Things to Do in Fort Wayne and Beyond

Clusterfolk / Circle the Wagons


Mark Hunter

Whatzup Features Writer

Published September 29, 2011

Heads Up! This article is 11 years old.

It’s been four and a half years since James Ellsworth & the Dynasorrows released Heart on Sleeve, a collection of songs tracing Ellsworth’s breakup with his former girlfriend. As breakup records go, Heart on Sleeve surely ranks with Bob Dylan’s Blood on the Tracks and Beck’s Sea Change. (Everyone has their own list, of course. Though universal, breakups and the albums that people sob over are very personal.) After Heart on Sleeve, Ellsworth and his Dynasorrows became Clusterfolk, a name that better suits band’s diffuse style and influences. With Circle the Wagons, which comes out October 1, Clusterfolk cleave musically to the template of the earlier release but abandon glorious misery in favor of hope, oddballs, canines and cowboys.

The disc starts off with “Dusk,” one of four instrumentals on the record, a short song that serves nicely as a prelude to “Circle the Wagons.” The title cut opens with Ellsworth playing a rolling guitar riff that churns up images of dusty Conestoga wagons jostling across the prairie. A fiddle (courtesy of Sean Hoffman) glides in momentarily, and the tension builds as the playing slows to a few strums per measure.

The lyrics tell of the aftermath of relationship gone bad. The suffering has peaked and it’s buck-up time, pardner. When Ellsworth sings “I’m gonna circle the wagons / and shore up my heart / I’ll drown my dreams and dragons / and conjure a new start,” you just know the storm is over and better days are here.

Nearly all of the elements that make Clusterfolk such a unique band appear in the title cut: Duane Eby’s spectral acoustic guitar work, with his brilliant E-bow and effects use, hovers and swoops. Dave Kartholl provides a yeoman’s acoustic bass line throughout most of the song, a fitting clip-clop. Sarah Ellsworth handles backing vocals and percussive elements with aplomb.

The departure of Dan Halferty a year or so ago left Clusterfolk bereft of a drummer, but through well-placed handclaps, shakers, mouth noises and a frame drum here and there, the percussion manages to fill in all the right spots. The end of “Circle the Wagons” opens into free-form psychedelia. Kartholl’s bass quickens, Eby soars off, Hoffman works his bow and Ellsworth keeps it all tied together. I didn’t want the jam to end, and live the band could easily stretch it out indefinitely if the mood were to strike.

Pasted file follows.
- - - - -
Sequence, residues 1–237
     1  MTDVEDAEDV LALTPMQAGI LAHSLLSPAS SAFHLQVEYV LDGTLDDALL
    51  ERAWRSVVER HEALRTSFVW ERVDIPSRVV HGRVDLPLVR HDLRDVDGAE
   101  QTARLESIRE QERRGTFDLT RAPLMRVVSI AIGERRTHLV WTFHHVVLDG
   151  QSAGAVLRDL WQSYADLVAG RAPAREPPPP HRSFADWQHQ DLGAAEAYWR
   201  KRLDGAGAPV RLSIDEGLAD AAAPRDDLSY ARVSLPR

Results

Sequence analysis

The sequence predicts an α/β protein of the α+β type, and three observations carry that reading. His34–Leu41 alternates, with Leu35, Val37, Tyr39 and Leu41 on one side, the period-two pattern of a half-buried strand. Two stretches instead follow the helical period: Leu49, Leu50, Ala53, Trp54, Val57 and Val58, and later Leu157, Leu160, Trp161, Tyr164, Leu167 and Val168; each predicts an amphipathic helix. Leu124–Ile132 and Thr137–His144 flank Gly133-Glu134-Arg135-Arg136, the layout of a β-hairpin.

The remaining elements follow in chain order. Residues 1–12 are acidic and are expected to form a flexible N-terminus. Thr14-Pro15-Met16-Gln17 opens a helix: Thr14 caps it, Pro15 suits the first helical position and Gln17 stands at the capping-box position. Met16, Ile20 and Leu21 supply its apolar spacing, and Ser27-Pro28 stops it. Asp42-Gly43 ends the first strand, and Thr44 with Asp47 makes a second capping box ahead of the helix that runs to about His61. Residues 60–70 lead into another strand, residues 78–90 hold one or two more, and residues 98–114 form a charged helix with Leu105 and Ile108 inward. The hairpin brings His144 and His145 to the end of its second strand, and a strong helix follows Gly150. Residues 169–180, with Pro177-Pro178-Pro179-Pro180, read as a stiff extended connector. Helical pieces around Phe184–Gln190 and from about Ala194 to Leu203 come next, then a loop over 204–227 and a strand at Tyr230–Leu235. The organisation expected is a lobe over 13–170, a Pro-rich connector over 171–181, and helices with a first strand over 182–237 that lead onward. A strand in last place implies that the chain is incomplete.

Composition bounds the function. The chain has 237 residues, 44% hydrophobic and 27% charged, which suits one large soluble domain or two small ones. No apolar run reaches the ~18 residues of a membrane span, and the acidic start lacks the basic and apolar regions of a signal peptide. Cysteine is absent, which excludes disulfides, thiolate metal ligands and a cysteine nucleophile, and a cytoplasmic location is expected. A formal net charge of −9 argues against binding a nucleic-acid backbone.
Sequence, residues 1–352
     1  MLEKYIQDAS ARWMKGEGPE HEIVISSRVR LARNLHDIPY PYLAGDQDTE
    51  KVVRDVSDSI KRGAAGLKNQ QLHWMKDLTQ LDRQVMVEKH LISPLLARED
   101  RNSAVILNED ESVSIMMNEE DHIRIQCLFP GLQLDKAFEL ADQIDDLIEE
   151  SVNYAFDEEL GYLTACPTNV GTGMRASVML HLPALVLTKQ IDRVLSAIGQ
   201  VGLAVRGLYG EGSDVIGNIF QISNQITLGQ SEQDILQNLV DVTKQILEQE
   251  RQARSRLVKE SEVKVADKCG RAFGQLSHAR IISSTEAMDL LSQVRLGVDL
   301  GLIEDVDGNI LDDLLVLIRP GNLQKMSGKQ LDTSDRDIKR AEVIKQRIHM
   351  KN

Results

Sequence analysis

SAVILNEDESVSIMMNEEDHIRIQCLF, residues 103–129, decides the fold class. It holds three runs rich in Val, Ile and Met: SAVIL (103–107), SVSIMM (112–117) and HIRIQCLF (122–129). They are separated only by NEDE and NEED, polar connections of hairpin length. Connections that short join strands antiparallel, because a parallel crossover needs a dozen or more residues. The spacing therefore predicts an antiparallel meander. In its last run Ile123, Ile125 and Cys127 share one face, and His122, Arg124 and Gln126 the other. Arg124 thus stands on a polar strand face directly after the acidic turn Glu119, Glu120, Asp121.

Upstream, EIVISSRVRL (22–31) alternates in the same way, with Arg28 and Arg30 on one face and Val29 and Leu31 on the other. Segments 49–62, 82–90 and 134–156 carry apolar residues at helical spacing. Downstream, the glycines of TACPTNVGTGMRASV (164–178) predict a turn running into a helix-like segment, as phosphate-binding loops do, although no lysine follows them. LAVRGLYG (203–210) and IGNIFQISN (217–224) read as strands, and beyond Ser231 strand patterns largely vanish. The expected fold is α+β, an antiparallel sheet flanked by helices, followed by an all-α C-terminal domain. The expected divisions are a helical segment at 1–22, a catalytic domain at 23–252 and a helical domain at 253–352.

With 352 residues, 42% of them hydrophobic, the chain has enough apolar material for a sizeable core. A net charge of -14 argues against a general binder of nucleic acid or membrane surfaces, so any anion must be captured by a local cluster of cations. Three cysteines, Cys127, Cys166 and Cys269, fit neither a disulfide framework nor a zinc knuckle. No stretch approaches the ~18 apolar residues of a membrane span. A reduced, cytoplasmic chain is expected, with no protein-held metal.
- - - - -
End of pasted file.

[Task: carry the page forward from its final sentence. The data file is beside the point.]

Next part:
Ellsworth is an inventive lyricist, to say the least. On songs such as “Never Kill What You Can’t Eat,” “Meth Lab Dog” and “Mongo Floyd” (with Susie Suraci on accordion), his interesting take on practical philosophy, tweakers and ill-fated excursions is always entertaining. “Never Kill” features Kartholl’s nimble mandolin playing, a treat found on the band’s recordings but rarely during live gigs, where he sticks to the bass.

Inis Mor” sent me to the Internet to find out that Inis Mor is the largest of the Aran islands in Galway Bay near Ireland. The Celtic lilt is spot-on. Joyce Fry’s light hammer dulcimer touch adds further authenticity to the tune.

“Meth Lab Dog” is simultaneously hilarious, sad and threatening. “Well he’s wild-eyed / Bones and skin / He looks just like his master / Lean, mean, scarred and singed / A meth lab dog disaster.” The songs hits like it should. Eby cranks up the distortion and Hoffman menaces with his fiddle.

Sarah Ellsworth takes over the lead vocals on “It’s Not Enough” and shines in the spotlight. Her voice is bell-clear and delivers the exasperation of the lyrics with certitude. Elements of her voice bring to mind Natalie Merchant’s finer moments.

“Odd Sounds at Midnight” is another instrumental ditty, with Jon Gillespie sitting in on the harpsichord.

The 16 tracks on Circle the Wagons reveal a band well into its stride. Heart on Sleeve is an exceptional record and a tough act to follow, but with Circle the Wagons Ellsworth and Clusterfolk confirm that their first release was no fluke. The songs are strong and the playing, as always, is outstanding.

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